<p><strong>Objective. </strong>To evaluate and compare the solubility of three luting cements in three different solutions: distilled water and artificial saliva with different pH values (7.4 and 3.0).</p><p><strong>Materials and Methods</strong>. Resin-modified glass-ionomer cement (GC Fuji Plus) and two resin cements (Multilink Automix and Variolink II) were used. A total of 45 specimens, 15 specimens (15x1 mm) for each cement, were prepared according to ISO standard 4049:2009. The solubility of the cements was calculated by weighing the specimens before and after immersion and desiccation. Values of solubility in water (Wsl) in microgram/mm3 for each of the five specimens were calculated using the following formula (ISO 4049:2009): Wsl=(m1-m3)∕V. The Mann-Whitney U nonparametric statistical method and Post hoc sample comparisons were applied.</p><p><strong>Results. </strong>GC Fuji Plus showed statistically significant higher solubility in comparison with Variolink II and Multilink Automix in all three solutions. In acidic artificial saliva (pH 3.0) Multilink Automix showed significantly higher values of solubility compared to Variolink II (P<0.016). By studying the effect of pH value on the solubility of GC Fuji Plus cement, significantly higher values of solubility in pH 3.0 artificial saliva were confirmed (P<0.009). The influence of the surrounding pH value on the solubility of the resin cements Multilink Automix and Variolink II was researched. No statistically significant difference was found.</p><p><strong>Conclusion. </strong>Solubility values were mainly influenced by the proportion of hydrophilic matrix, the type and composition of filler, and the pH value of the solutions.</p>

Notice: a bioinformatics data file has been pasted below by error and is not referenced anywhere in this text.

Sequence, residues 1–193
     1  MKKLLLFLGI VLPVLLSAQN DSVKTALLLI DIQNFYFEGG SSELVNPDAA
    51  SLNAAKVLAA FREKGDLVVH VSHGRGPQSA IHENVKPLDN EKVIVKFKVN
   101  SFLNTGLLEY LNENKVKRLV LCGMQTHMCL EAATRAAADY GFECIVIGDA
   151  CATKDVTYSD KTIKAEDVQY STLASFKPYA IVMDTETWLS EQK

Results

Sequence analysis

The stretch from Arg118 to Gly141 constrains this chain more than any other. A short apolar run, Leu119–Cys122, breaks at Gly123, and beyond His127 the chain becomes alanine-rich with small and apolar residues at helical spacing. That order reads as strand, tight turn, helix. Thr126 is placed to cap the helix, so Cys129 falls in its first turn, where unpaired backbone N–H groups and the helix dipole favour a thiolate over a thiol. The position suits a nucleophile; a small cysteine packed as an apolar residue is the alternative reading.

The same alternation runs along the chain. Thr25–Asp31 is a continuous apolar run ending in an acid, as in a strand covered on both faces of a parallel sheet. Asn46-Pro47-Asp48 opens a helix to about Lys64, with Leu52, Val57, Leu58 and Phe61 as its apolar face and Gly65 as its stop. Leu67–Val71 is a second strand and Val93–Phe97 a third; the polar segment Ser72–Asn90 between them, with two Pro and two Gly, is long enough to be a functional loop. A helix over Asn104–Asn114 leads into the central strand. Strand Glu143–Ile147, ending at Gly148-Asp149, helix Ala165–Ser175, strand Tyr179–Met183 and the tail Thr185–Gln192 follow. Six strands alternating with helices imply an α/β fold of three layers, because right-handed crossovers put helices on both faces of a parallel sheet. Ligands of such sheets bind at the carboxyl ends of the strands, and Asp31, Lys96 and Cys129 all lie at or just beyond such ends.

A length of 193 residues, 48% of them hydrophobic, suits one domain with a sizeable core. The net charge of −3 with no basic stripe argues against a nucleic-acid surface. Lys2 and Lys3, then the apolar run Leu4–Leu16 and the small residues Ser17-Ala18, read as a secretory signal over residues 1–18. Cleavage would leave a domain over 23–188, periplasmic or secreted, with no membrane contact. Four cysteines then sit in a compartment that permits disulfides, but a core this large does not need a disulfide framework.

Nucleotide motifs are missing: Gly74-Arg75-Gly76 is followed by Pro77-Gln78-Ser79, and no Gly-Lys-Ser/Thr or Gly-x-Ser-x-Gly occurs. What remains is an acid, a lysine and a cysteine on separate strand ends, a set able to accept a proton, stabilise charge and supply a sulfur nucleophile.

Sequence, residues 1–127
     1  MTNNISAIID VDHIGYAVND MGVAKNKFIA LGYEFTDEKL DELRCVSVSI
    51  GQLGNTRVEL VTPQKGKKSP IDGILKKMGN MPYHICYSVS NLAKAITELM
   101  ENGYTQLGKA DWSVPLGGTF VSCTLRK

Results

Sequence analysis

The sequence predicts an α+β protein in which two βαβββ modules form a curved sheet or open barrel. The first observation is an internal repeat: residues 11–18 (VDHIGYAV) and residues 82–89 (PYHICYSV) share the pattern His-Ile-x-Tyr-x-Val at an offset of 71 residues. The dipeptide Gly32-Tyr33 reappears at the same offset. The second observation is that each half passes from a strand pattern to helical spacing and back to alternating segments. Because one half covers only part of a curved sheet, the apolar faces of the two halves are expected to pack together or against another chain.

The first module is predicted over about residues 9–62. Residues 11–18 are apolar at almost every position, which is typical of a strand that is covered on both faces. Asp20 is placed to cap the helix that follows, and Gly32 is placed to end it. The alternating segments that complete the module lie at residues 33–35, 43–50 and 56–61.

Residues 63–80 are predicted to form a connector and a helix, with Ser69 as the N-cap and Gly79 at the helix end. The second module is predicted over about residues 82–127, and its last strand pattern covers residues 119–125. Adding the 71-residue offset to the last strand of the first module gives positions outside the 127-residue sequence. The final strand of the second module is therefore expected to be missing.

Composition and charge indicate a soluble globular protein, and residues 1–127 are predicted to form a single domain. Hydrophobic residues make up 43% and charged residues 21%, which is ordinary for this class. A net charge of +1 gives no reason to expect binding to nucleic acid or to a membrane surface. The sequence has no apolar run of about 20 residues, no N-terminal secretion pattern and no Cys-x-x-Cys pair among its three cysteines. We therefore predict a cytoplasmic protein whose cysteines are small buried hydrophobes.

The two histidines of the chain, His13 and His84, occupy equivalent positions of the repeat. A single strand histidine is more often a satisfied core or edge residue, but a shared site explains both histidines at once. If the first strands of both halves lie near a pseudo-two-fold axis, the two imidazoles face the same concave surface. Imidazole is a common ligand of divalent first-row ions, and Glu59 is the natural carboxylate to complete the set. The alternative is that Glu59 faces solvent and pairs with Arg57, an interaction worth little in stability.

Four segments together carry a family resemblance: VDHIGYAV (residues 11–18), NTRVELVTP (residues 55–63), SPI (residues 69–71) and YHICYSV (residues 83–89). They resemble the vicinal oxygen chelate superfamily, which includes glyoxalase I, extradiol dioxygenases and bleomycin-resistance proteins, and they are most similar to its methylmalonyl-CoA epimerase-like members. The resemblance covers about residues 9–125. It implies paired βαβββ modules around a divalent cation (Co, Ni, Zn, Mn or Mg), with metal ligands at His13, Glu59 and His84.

Objectives The study aimed to compare the color stability of two different light-cured composites after immersion in three liquids and the effectiveness of 16% carbamide peroxide (CP) in removing the discoloration. Material and methods Color stability of a microhybrid (Z250, 3M ESPE) and nanocomposite (Z550, 3M ESPE) was evaluated after immersion in instant coffee, tea, Coca-Cola, and deionized water as a control group (n=5). Samples were kept in liquids for four hours daily at 37°C for 30 days. Furthermore, 16% CP was applied for the following 14 days, simulating night whitening. A digital spectrophotometer was used for color measurement based on the CIEL*a*b* color coordinates. The color changes (∆E) were measured at baseline, after immersion in the beverages, and also after the teeth whitening procedure. Mixed and factorial ANOVA followed by Bonferroni’s post-hoc test were used for statistical evaluation (p≤0.05). Results Tested resin composites showed a color change over the acceptability threshold (ΔE*> 3.48) after immersion in coffee and tea. Nanocomposite reported a significant increase in discoloration in coffee after 30 days (p <0.05). The color of both materials significantly changed (p<0.05) along all three L*a*b* axes in coffee and tea to darker, yellow, and red. Whitening with 16% CP was effective in removing external discoloration in both examined composite materials. Conclusion Coffee and tea induced clinically detectable color changes in dental composites tested, with cumulative effects. Whitening represents an efficient method for the removal of surface discoloration in composite restorations.